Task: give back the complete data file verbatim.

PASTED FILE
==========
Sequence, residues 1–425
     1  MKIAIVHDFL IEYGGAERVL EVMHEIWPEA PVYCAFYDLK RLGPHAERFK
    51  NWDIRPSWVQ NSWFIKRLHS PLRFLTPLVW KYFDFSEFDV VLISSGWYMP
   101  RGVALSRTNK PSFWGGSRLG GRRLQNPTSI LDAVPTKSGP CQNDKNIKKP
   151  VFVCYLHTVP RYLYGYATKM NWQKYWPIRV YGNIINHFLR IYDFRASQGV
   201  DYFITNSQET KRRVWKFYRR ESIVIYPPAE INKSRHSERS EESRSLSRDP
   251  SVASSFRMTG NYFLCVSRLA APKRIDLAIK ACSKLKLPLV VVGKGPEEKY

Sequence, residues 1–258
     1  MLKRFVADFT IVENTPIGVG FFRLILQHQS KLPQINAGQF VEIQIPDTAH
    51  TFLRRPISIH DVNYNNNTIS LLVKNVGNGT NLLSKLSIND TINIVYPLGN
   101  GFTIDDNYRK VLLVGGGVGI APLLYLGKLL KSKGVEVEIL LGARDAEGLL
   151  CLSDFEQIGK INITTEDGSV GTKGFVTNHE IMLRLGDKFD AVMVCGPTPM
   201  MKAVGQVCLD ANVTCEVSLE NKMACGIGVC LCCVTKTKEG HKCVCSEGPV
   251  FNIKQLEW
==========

Sequence, residues 1–425
     1  MKIAIVHDFL IEYGGAERVL EVMHEIWPEA PVYCAFYDLK RLGPHAERFK
    51  NWDIRPSWVQ NSWFIKRLHS PLRFLTPLVW KYFDFSEFDV VLISSGWYMP
   101  RGVALSRTNK PSFWGGSRLG GRRLQNPTSI LDAVPTKSGP CQNDKNIKKP
   151  VFVCYLHTVP RYLYGYATKM NWQKYWPIRV YGNIINHFLR IYDFRASQGV
   201  DYFITNSQET KRRVWKFYRR ESIVIYPPAE INKSRHSERS EESRSLSRDP
   251  SVASSFRMTG NYFLCVSRLA APKRIDLAIK ACSKLKLPLV VVGKGPEEKY

Sequence, residues 1–258
     1  MLKRFVADFT IVENTPIGVG FFRLILQHQS KLPQINAGQF VEIQIPDTAH
    51  TFLRRPISIH DVNYNNNTIS LLVKNVGNGT NLLSKLSIND TINIVYPLGN
   101  GFTIDDNYRK VLLVGGGVGI APLLYLGKLL KSKGVEVEIL LGARDAEGLL
   151  CLSDFEQIGK INITTEDGSV GTKGFVTNHE IMLRLGDKFD AVMVCGPTPM
   201  MKAVGQVCLD ANVTCEVSLE NKMACGIGVC LCCVTKTKEG HKCVCSEGPV
   251  FNIKQLEW